Security experts claim to have discovered the first “cryptorom” scam applications to have successfully bypassed Apple’s strict App Store vetting processes.
The two apps in question, Ace Pro and MBM_BitScan, were also discovered on Google Play. However, it is their presence on the App Store, usually governed by stricter security protocols, which will alarm users.
The apps are also immune to Apple’s Lockdown mode, which is designed to protect users from sophisticated social engineering, Sophos said.
“In general, it’s hard to get malware past the security review process in the Apple App Store. That’s why, when we originally began investigating cryptorom scams targeting iOS users, the scammers would have to persuade users to first install a configuration profile before they could install the fake trading app,” explained Sophos senior threat researcher, Jagadeesh Chandraiah.
“This obviously involves an additional level of social engineering – a level that’s hard to surmount. Many potential victims would be ‘alerted’ that something wasn’t right when they couldn’t directly download a supposedly legitimate app. By getting an application onto the App Store, the scammers have vastly increased their potential victim pool, particularly since most users inherently trust Apple.”
Cryptorom scams are so named because they usually begin on dating sites, with scammers attracting their victims with fake profiles. After building a rapport with their victims via unmonitored messaging apps, they subsequently persuade them to download the scam app and start trading/investing in crypto.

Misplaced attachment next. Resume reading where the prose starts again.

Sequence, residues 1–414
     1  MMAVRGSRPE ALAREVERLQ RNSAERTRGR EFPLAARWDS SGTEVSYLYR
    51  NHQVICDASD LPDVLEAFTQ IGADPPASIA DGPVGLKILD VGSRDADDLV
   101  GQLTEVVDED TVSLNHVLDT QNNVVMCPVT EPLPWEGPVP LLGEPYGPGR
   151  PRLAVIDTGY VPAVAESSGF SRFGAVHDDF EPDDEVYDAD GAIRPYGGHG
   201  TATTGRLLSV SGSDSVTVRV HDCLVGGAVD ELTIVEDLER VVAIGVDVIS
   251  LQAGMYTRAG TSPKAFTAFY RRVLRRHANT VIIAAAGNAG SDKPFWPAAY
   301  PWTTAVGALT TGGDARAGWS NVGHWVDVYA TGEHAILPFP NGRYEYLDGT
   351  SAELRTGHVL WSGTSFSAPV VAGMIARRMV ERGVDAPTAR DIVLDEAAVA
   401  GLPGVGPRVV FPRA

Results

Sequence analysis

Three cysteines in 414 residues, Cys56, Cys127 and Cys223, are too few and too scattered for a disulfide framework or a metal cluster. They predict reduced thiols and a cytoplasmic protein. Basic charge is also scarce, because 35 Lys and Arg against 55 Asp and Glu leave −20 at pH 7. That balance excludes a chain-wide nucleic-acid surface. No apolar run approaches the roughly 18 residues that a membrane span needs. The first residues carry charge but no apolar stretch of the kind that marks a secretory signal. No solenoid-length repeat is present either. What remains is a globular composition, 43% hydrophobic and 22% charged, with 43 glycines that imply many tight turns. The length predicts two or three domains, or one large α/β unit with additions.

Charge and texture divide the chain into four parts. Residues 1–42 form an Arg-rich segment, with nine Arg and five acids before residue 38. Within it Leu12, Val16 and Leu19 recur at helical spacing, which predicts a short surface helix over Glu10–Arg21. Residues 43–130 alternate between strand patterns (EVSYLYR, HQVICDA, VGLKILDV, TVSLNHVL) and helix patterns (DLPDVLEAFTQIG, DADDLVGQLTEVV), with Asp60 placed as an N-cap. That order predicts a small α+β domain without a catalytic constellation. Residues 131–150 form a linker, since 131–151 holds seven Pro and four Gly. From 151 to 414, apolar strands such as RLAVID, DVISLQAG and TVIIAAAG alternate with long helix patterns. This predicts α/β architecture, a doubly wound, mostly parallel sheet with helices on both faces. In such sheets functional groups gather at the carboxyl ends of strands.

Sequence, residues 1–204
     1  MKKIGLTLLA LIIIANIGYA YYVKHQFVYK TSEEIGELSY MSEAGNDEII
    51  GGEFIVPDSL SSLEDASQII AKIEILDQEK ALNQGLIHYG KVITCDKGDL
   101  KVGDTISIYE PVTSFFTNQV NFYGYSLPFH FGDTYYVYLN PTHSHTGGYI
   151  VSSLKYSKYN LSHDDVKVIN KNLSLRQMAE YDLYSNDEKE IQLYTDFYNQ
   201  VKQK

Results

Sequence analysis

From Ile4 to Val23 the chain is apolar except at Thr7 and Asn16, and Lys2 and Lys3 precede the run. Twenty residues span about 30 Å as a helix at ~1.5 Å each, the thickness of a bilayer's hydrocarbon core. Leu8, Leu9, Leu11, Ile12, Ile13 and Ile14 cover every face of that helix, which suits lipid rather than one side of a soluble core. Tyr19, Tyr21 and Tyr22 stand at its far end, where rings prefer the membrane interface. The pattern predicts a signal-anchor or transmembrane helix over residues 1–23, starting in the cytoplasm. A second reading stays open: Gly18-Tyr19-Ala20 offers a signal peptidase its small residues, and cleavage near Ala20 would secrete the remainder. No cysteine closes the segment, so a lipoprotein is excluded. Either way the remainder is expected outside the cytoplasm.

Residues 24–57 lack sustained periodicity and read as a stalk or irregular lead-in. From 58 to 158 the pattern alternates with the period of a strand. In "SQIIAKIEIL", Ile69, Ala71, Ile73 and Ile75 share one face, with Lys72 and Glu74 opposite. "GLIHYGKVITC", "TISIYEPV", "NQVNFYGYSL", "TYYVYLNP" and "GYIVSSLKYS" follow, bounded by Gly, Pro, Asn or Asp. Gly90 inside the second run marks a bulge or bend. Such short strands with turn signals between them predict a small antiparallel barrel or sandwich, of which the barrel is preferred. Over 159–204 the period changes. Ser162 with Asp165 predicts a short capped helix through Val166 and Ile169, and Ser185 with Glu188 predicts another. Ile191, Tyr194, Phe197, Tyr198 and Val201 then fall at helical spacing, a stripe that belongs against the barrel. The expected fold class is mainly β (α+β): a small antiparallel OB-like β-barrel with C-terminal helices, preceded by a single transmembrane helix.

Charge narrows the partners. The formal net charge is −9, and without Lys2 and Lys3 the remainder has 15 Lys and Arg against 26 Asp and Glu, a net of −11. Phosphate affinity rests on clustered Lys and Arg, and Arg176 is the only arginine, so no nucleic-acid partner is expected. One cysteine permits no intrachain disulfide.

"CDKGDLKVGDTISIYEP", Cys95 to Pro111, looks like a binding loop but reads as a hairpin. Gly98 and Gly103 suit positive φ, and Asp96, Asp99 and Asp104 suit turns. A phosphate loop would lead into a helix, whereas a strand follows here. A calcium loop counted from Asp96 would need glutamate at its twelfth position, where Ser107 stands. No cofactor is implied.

In the case of Ace Pro, the scammers created and actively maintained a fake Facebook profile of a woman supposedly living a lavish lifestyle in London, Sophos explained.
The security vendor claimed that the malicious developers likely connected the app, which was disguised as a QR scanner, to a benign remote website when originally submitted to App Store reviewers.
Once approved, the app was redirected to an Asia-registered domain linked to the fake trading interface, it added.
Both Ace Pro and MBM_BitScan apparently connected to the same command and control (C2) infrastructure, designed to resemble a legitimate Japanese crypto firm.
Cryptorom scams are a form of “pig butchering” fraud – an technique originating in Asia which combines romance-based social engineering with fraudulent crypto-trading apps.
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